I can’t remember a time when I didn’t struggle with anxiety – it’s always been there, bubbling away. And it can often be relentless, cropping up at a time when I’m most vulnerable. When it first started I was only young and I couldn’t really understand what I was feeling. All I knew is it made me cry, shake, tremble. It made me fear everything; the past, present, and future. It consumed me to the point where I dreaded getting out of bed every day. Going to school was a nightmare because I was surrounded by too many people in a place that was simply too big. I longed for the weekend where I could enjoy the comfort of my own company without any intensifying fears.

If I had to describe it in one word it would be suffocating. That’s usually how it feels; like I’ve been thrown into the sea with no life jacket and I can’t swim. In that moment I can’t imagine finding a way out of it. I lose any original hope I had and every thought becomes a negative one. I tell myself I can’t do things, instead of trying. I lose all faith I have in myself; I feel weak and helpless.

But I know that can’t be true. Over the past few months, I’ve done things that I didn’t think I would ever be able to do.

I’ve always had a huge fear of the dentist after some not so good experiences and I went maybe 5 years without setting foot anywhere near there. I also have phone anxiety so that’s something I usually avoid altogether. Recently I called the dentist and scheduled an appointment which was a big thing in itself. And then I attended the appointment and managed to keep my anxiety under control and for the first time in ages I felt quite proud of myself. I’ve never been that calm before.

Even though I’ve had to go to the doctors and hospitals a lot over the past year, it’s something that still causes me a lot of anxiety. I never know what to expect. I’m also scared of being in pain, of not being taken seriously, of breaking down in tears. So understandably, it’s not easy for me to attend any of these appointments but I still do it. I do it because I have to, I know nothing ever gets resolved by ignoring it and hoping it goes away.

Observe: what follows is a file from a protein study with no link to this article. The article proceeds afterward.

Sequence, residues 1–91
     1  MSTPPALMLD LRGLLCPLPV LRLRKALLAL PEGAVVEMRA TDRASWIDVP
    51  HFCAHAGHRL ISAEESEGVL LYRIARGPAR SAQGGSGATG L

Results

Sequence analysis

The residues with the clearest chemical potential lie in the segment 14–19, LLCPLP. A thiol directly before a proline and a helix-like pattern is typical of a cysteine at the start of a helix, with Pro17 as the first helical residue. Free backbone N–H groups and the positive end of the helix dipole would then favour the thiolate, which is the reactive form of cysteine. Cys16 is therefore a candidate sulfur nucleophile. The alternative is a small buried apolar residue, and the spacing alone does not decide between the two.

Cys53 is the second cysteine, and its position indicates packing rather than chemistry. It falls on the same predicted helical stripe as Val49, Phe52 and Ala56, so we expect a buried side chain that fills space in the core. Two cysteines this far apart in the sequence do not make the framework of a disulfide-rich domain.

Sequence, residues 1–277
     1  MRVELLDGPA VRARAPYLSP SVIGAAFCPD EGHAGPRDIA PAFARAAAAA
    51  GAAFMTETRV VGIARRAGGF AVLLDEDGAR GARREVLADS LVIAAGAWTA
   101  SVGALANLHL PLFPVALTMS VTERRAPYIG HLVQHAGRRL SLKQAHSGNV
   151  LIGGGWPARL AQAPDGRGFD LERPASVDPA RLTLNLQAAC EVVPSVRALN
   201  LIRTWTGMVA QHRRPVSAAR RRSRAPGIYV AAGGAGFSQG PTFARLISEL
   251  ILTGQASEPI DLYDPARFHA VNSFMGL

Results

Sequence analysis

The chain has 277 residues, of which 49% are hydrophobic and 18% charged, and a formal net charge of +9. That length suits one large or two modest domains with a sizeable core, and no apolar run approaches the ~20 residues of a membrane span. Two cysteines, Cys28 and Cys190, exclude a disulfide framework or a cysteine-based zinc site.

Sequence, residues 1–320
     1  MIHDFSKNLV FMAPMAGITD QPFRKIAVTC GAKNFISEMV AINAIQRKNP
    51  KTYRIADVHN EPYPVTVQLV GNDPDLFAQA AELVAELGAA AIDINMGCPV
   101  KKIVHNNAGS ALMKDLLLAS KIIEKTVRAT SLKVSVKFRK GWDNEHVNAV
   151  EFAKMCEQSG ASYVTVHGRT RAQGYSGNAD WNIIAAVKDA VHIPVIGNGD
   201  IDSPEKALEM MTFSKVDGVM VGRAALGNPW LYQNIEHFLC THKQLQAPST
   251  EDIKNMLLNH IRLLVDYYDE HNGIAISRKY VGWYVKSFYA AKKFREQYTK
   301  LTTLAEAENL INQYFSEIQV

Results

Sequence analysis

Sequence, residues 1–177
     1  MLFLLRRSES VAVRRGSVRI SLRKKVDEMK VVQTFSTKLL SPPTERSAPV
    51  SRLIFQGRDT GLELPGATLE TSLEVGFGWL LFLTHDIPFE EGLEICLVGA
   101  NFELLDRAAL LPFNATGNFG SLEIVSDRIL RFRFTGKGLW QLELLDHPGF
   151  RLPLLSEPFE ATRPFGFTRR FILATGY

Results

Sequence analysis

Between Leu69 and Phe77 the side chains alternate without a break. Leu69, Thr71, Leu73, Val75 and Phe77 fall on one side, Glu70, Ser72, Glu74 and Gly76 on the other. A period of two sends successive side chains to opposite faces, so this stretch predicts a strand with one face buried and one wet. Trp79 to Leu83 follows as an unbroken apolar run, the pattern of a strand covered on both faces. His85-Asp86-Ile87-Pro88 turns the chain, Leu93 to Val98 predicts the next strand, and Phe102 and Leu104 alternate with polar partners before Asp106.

The more I do these things, the stronger I feel. Even when I’m having a bad day and my anxiety is all-consuming, I’ve still come a long way. A really long way. And I should be proud of myself for that. All I hope is that from now on I focus more on my progress instead of my setbacks. I’m growing.



Leave a comment on how you manage anxiety.

To Restart: A Poem

I would like to restart;
press a button and watch
in a mesmerising blur
the old being replaced
with the brand new.
Darkened leaves reappear
with a splash of
fiery red and orange
and the golden sun will
emerge from the clouds,
illuminating the world
for the final time.

A Journey To Better Health

Endometriosis. If I had a penny for every time I said that word, I’d definitely never have to worry about money ever again.

But here’s the thing. Most people who I know in real life don’t even know what it is. It’s astonishing to me that 1 in 10 women are estimated to have this painful condition and yet it’s rarely spoken about. Why do most doctors not immediately suspect endometriosis when a woman presents herself with symptoms like painful periods? I think we are expected to simply cope with the pain of a period, and in turn, this pain is considered to be a normal part of being a woman. It’s not. If you had a pain in your leg or your arm that wouldn’t go away I’m sure those concerns wouldn’t be ignored by a doctor so why is period pain simply seen as normal?